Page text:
• The West Haven Police Department promised to investigate why a reporter was denied access to information, and plans to train staff. State Police promised a similar investigation of why that happened at Troop G when we visited.
  • Westport police announced that it would be making arrest log information available for public access 24-7 in the lobby of its statoin.
  • New Britain police leadership reminded staff that the press and public should not be denied access to arrest log information.
  • And in New Haven, where a reporter was told, “You’ll never get blotter from us, we are just too damn busy,” and “It is not public information; these are arrests, not convictions,” the department has reversed itself, and now has an arrest log available for public access.

Keldy Ortiz joins New Haven Register breaking news team

1 Apr

Keldy Ortiz has joined the New Haven Register as a reporter on our breaking news team.

Keldy Ortiz

Keldy Ortiz

For the past year and a half, he has worked as a sports reporter at the Victoria Advocate in Texas. Previously, he was a Kaiser Health Fellow at the Oregonian, covering issues relating to health care. He has also interned on the city desk of the New York Daily News and freelanced for Newsday, the Queens Courier, Queens Chronicle, El Correo de Queens, AM New York, Jerusalem Post, Baseball Player Magazine and Ultimate Athlete Magazine.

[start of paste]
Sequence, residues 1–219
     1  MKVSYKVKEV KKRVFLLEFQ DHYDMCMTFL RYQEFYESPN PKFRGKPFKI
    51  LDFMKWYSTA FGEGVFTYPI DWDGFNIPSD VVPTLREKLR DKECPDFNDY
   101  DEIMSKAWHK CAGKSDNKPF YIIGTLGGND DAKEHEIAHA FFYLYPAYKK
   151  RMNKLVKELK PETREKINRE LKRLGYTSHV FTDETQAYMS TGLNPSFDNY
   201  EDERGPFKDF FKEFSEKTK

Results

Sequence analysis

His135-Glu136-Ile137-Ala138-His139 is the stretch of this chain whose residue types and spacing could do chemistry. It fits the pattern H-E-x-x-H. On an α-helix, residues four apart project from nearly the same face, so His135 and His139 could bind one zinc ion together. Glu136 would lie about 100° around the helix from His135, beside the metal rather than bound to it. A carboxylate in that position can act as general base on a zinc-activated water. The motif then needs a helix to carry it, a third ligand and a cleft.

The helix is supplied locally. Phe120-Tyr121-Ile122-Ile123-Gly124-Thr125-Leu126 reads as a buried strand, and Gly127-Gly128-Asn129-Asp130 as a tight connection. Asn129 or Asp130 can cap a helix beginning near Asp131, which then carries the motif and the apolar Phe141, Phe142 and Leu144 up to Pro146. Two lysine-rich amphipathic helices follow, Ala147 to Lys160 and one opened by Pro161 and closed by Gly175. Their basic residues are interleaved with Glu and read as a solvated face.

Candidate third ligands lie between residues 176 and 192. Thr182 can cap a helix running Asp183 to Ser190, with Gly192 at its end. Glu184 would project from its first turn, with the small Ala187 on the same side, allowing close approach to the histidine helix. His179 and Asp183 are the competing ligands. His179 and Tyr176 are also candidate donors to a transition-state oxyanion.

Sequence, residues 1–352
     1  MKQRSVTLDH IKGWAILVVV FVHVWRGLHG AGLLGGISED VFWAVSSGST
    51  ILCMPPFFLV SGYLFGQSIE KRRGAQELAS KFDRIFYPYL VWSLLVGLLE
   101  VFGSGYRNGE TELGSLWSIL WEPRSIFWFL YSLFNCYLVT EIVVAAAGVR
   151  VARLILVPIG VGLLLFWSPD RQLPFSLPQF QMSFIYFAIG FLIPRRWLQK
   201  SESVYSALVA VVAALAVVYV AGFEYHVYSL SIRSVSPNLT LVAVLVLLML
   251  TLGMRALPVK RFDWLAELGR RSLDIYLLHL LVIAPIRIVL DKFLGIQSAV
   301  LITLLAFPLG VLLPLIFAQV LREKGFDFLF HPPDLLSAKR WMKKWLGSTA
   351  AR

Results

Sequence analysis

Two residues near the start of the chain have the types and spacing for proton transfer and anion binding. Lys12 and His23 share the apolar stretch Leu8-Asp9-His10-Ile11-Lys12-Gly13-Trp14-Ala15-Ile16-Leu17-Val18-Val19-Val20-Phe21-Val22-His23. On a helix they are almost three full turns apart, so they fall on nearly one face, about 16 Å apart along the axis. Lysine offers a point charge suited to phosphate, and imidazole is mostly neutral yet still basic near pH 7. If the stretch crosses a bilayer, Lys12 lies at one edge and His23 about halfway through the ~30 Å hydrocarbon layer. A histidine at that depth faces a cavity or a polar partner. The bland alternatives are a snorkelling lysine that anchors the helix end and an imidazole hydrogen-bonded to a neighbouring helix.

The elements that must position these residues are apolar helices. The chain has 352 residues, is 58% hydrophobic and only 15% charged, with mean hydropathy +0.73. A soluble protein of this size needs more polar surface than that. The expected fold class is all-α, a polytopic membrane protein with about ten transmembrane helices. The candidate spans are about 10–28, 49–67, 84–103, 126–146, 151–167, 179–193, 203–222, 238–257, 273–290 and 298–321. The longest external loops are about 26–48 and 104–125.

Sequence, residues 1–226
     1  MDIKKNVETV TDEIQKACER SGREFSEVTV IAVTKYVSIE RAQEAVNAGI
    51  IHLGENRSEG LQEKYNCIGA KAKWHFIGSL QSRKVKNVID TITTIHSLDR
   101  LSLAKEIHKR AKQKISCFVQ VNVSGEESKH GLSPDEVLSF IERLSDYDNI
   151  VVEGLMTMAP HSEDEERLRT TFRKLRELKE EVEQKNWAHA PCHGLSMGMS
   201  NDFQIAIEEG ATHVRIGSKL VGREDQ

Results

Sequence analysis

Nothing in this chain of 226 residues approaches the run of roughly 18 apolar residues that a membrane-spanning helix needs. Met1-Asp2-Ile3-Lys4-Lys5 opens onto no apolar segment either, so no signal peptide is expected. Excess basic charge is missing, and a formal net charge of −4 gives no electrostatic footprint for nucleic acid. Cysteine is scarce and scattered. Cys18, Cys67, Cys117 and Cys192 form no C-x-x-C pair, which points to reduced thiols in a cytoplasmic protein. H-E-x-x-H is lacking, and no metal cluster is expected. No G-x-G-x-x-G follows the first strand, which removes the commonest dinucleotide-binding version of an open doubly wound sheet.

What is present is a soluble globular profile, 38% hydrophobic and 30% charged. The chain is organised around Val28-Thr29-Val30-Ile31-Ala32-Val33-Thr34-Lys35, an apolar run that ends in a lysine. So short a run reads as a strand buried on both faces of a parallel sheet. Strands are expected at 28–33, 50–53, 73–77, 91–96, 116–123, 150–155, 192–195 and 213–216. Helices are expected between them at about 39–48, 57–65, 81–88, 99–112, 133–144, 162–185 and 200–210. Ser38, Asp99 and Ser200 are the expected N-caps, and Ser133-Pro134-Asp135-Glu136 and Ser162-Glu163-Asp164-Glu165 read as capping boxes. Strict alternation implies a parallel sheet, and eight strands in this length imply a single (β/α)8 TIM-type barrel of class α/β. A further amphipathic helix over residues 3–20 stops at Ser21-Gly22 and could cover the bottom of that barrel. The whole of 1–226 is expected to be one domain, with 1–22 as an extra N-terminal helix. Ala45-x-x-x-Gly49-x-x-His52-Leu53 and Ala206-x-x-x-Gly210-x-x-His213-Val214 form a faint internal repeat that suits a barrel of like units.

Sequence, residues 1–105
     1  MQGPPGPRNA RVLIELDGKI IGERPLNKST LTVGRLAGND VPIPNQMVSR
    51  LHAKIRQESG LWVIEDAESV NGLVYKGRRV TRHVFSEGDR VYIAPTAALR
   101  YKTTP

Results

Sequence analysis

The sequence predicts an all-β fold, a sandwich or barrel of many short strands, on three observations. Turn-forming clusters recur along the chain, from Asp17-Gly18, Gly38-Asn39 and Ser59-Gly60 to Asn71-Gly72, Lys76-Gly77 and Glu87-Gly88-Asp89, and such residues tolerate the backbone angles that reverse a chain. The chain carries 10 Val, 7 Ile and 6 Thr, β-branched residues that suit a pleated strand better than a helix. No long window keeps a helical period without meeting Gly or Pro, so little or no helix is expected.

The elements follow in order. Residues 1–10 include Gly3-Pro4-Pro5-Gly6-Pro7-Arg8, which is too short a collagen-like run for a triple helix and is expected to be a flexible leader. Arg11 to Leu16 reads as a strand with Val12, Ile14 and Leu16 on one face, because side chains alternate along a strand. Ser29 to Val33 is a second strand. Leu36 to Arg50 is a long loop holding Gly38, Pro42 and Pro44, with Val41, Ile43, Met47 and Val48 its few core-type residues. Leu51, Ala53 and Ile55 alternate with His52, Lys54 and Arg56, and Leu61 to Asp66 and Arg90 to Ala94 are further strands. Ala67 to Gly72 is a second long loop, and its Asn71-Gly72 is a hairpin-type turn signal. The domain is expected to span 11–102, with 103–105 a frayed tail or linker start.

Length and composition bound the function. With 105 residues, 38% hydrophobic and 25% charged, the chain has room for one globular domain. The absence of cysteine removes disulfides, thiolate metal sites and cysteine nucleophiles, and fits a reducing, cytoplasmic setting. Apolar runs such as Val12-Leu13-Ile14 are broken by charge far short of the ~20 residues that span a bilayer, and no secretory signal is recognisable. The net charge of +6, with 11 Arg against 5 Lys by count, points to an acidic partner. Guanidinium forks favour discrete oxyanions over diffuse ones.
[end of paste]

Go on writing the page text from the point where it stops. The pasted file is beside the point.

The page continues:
Ortiz is a member of the National Association of Hispanic Journalists. He graduated from City University of New York/Queens College with a bachelor’s degree in English in 2010, and from Columbia University with a master’s degree in journalism in 2012.

He can be reached at kortiz@nhregister.com. Follow him on Twitter @keldyortiz.

Connecticut journalism wins in annual Digital First Media contest

27 Mar
East Haven Mayor Joseph Maturo and Connecticut Gov. Dannel Malloy inspect the scene of a plane crash into two homes in East Haven last year. The New Haven Register's coverage of the cash is being honored with a companywide journalism award by Digital First Media. (Peter Hvizdak photo)